Celebrate love, inclusivity and identity as a new LGBTQ+ exhibition comes to Dorchester’s Shire Hall Historic Courthouse Museum

Celebrate ‘A Little Gay History,’ and how far society has come since members of the LGBTQ+ community were brought through the courts at Shire Hall.

It’s easy to forget in modern times just how hard the LGBTQ+ community has had to fight for their rights and recognition. Too often LGBTQ+ voices have been overlooked by history; but not anymore. A new British Museum touring exhibition Desire, love, identity: exploring LGBTQ histories will open to the public at the Historic Courthouse Museum in Dorchester on Saturday 21st September

The exhibition has been travelling around the UK, following its first display at the British Museum in 2017, visiting the Ashmolean Museum and the National Justice Museum, followed by stops in Bolton and Norwich. The display looks at how same-sex love, desire and gender diversity are an integral part of the human experience and how this has been depicted differently through society throughout various times. Based upon Professor Richard Parkinson’s award-winning book, A Little Gay History, the exhibition offers glimpses into LGBTQ+ experiences throughout history using the British Museum’s collection.

Ranging from ancient history to the present day, the exhibition challenges visitors to question their assumptions about the past. The display looks at historical figures, as well as those people whose voices were lost, in what the novelist E.M. Forster memorably described as a ‘…great unrecorded history.’

Throughout history, the LGBTQ+ community has faced persecution. When Shire Hall opened in 1797, sexual relations between men could still be punished by death; at the end of the nineteenth century, they might face imprisonment, and even as late as the 1940s, the court sent men to the county psychiatrist for what was described as ‘treatment’. In 2014, the Marriage (Same Sex Couples) Act came into law whilst 2017 saw the 50-year-anniversary of the de-criminalisation of homosexuality in the UK. For hundreds of years before this, members of the LGBTQ+ community were oppressed or even killed, simply for being who they were and loving who they loved. Notable Dorset gay residents include Alan Turing, who was educated in Dorset, and writer Sylvia Townsend Warner, who lived with her partner Valentine Ackland in Chaldon Herring.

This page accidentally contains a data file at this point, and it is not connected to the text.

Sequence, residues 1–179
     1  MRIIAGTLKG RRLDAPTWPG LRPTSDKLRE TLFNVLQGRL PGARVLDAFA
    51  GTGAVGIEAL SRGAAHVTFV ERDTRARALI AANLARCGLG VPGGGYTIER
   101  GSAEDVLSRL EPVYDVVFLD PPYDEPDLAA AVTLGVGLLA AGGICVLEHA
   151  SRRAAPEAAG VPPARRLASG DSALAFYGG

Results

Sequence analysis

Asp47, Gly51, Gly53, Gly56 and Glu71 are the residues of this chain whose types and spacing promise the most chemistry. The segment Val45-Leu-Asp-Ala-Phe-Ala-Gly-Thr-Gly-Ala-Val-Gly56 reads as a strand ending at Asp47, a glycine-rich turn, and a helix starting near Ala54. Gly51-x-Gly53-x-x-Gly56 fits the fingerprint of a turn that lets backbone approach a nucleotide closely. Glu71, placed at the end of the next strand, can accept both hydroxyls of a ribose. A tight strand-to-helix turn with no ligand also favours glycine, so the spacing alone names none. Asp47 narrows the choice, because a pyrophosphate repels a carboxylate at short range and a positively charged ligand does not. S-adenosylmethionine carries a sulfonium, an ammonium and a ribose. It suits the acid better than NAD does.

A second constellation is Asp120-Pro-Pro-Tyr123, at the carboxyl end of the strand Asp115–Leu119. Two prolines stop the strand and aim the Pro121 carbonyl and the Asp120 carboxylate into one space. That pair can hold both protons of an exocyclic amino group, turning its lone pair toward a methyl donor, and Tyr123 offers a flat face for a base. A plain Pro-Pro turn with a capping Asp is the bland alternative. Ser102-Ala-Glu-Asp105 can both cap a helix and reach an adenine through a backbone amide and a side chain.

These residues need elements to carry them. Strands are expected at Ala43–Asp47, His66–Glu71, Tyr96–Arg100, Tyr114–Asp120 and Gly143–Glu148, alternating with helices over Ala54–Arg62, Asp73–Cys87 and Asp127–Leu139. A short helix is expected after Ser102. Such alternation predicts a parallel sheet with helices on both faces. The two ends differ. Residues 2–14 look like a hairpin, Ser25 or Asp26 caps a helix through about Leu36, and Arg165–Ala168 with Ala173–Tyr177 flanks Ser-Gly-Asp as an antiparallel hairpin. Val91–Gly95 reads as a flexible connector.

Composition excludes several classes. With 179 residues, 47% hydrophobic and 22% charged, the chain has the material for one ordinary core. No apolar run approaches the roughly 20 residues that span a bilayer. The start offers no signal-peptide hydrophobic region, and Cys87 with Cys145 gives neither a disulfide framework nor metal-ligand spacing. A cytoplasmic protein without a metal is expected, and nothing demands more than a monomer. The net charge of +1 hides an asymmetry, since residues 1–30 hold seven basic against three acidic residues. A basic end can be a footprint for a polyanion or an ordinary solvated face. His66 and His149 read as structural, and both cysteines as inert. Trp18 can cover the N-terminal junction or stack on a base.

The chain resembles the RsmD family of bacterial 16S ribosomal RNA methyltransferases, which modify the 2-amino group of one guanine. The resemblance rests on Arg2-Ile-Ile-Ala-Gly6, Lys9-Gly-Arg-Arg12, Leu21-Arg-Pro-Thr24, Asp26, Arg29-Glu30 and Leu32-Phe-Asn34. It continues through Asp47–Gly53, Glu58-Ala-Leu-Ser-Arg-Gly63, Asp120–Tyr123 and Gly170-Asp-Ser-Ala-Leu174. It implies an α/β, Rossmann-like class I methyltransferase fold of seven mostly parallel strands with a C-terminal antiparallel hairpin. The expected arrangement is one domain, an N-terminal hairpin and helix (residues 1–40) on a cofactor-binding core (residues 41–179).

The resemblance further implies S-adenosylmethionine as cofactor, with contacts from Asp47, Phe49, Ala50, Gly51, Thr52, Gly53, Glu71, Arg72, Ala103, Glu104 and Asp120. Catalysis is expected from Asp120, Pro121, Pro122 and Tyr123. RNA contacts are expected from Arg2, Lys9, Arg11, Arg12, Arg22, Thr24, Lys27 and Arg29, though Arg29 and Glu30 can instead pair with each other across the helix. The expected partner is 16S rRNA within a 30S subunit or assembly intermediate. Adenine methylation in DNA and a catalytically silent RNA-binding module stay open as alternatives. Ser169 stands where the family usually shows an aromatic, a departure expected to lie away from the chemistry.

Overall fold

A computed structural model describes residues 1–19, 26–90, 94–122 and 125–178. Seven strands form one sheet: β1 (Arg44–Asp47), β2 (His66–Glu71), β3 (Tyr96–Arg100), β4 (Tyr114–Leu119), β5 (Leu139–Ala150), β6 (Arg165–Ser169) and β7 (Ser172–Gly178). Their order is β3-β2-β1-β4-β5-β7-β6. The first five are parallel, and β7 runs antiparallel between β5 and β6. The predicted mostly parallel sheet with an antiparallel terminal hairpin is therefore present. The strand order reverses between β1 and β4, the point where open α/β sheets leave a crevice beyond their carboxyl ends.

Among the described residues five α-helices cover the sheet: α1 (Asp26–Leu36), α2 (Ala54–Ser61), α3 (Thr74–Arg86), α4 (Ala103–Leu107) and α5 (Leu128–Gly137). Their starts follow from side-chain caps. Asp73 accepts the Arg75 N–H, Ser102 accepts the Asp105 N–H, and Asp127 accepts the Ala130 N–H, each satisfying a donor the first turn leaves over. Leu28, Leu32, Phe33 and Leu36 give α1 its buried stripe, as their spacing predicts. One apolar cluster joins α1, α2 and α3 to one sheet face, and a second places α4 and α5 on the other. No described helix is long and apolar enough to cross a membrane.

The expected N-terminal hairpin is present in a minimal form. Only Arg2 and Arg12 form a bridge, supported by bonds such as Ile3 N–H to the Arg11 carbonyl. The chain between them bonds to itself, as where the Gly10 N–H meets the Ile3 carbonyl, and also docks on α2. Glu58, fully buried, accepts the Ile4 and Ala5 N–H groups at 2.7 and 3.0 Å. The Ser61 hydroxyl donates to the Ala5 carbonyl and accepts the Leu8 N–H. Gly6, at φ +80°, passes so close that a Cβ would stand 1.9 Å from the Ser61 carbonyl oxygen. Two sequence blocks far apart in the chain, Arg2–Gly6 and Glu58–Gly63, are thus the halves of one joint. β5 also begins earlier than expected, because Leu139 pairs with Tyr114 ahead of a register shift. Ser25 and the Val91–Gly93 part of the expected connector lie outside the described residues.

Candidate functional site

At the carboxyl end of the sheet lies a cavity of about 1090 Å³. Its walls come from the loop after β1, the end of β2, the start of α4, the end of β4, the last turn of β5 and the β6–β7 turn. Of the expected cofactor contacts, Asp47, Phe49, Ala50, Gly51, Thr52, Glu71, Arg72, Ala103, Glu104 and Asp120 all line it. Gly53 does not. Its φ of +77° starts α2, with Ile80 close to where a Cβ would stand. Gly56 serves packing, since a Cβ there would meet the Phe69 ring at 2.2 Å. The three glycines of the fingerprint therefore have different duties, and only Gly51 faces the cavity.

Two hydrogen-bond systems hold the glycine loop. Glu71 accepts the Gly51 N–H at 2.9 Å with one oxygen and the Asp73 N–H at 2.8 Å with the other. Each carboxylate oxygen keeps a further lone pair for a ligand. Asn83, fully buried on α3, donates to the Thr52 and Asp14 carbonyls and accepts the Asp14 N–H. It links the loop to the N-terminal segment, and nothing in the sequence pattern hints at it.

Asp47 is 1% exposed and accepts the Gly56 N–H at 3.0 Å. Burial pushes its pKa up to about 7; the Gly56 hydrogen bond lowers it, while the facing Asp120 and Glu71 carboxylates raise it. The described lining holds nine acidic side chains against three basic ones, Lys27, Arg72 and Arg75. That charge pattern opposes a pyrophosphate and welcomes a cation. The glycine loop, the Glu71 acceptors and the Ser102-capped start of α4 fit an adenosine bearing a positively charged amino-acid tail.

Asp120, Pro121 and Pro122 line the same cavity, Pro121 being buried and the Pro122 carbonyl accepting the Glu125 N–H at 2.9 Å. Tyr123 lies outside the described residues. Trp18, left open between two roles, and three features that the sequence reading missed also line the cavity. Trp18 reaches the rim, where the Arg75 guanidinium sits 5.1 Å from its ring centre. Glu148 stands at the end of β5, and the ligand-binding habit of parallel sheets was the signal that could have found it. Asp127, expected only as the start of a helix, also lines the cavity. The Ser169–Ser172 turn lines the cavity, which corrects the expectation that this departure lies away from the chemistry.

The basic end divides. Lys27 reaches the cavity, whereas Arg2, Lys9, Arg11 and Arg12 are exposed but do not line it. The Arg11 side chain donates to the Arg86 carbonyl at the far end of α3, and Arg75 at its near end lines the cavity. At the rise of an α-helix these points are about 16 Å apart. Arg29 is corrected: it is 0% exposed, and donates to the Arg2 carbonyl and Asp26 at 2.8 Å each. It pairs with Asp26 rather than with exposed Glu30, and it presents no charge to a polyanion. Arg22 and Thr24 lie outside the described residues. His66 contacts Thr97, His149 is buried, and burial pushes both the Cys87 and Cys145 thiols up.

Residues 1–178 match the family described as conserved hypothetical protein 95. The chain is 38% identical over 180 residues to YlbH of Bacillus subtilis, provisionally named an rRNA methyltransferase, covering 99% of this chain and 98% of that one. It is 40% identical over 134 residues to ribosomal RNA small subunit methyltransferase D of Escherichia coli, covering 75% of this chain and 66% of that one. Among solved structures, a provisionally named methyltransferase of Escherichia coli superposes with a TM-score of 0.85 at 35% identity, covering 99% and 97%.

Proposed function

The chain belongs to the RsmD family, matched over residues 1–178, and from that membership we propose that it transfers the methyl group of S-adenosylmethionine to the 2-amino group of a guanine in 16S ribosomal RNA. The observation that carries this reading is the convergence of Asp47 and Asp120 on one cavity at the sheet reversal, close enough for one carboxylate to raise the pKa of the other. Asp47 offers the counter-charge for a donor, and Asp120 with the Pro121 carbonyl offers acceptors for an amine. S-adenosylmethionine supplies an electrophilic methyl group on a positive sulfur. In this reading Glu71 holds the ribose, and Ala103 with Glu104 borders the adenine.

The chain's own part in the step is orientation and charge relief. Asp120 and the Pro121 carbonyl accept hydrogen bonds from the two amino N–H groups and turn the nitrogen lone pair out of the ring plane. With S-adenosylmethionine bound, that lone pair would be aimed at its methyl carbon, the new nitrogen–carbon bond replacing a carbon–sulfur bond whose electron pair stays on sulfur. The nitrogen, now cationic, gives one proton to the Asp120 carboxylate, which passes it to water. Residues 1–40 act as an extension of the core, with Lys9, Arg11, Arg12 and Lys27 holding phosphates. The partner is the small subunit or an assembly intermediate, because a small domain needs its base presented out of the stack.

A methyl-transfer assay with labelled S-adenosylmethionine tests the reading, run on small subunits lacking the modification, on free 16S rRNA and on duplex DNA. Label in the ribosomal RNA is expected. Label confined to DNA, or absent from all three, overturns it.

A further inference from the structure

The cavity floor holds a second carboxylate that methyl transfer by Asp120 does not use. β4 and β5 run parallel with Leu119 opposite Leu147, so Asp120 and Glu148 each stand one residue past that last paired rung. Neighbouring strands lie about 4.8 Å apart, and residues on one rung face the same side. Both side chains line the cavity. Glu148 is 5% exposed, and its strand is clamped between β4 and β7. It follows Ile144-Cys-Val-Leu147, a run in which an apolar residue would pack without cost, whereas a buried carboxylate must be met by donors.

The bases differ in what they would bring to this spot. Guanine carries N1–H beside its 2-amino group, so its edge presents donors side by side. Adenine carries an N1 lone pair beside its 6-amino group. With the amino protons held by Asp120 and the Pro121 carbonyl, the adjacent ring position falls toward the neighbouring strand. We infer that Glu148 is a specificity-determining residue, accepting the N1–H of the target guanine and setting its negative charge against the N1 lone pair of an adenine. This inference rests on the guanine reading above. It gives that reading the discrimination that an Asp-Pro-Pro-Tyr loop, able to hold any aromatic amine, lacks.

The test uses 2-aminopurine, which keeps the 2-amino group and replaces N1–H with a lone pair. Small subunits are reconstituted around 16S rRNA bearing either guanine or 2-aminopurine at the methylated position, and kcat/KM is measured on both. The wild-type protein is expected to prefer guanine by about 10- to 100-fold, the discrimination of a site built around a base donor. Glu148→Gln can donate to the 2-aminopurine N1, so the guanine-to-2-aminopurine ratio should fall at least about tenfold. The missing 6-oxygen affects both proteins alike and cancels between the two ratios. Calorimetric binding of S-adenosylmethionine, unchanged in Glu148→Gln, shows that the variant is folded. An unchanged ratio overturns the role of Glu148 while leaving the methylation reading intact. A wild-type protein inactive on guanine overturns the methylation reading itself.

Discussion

Cllr David Taylor, Deputy Mayor of Dorchester talked of his pride in what the exhibition represents and what it means for Dorchester: “The lifestyle of same-sex couples and transgender individuals in the past has been one to fear and struggle to belong to. This is a hugely significant exhibition showing the history of the LGBTQ movement, which first started in the 1950s. I, as a gay married man to my husband of 21 years, have lived in this town and never, and I repeat never, have I had anything said to me, at all, about my way of life. The exhibition represents this fantastic development that the British people have at long last let happen.

“Looking back helps us remember the thousands of people that have been sadly affected whilst going through this growing phase. My true hero has always been Alan Turing. Without him this nation would have been lost during World War Two.”

A spokesman for Dorset’s LGBTQ+ Space Youth Project said: “It’s great to see Dorchester hosting an exhibition that celebrates diversity. It’s really important to show that LGBTQ+ people have been around for thousands of years.”

Joe Edwards, Dorset Foundation Head of National Programmes at the British Museum said: “I am delighted that due to the success of Desire, love, identity: exploring LGBTQ histories as a British Museum touring exhibition, the UK tour has been specially extended to include Shire Hall as the final venue. Desire, love, identity, part of our National Programme, gives the public in Dorchester the chance to view these fascinating and diverse objects, including the Ain Sakhri lovers – the earliest known sculpture of a couple making love – up close and outside of the British Museum. Dorset’s connections to LGBTQ history make Shire Hall a particularly apt venue for this timely and important exhibition.”

A British Museum touring exhibition Desire, love, identity: exploring LGBTQ histories will be on display at Shire Hall until 17 November 2019. More information can be found at www.shirehalldorset.org. If you would like to find out more about getting your community group involved with the project or volunteering during the exhibition, contact Harriet Still (Events and Exhibitions Manager) harriet.still@shirehalldorset.org